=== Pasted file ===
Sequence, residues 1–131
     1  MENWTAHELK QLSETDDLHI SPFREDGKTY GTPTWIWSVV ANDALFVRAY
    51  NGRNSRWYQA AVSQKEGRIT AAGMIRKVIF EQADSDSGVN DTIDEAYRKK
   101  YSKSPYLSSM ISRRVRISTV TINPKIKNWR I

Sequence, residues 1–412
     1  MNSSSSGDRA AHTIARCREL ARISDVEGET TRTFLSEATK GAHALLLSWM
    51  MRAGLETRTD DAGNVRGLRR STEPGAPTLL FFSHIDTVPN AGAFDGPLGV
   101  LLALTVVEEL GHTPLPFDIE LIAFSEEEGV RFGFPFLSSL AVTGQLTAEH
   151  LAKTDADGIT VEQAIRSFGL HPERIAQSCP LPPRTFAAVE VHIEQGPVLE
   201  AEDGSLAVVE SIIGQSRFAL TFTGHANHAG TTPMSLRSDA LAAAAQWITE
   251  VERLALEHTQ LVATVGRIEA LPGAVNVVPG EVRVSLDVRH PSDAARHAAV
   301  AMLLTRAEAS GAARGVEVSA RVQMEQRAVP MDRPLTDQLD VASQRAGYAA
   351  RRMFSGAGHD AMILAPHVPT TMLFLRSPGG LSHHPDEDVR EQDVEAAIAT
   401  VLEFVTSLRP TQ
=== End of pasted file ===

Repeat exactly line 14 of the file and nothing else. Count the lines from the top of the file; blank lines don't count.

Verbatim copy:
   401  VLEFVTSLRP TQ